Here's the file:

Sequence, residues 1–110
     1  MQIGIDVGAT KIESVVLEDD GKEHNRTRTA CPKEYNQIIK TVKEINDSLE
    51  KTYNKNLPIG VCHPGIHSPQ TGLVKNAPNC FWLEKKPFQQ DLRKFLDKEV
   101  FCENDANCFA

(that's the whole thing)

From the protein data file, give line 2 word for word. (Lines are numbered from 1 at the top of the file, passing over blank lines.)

     1  MQIGIDVGAT KIESVVLEDD GKEHNRTRTA CPKEYNQIIK TVKEINDSLE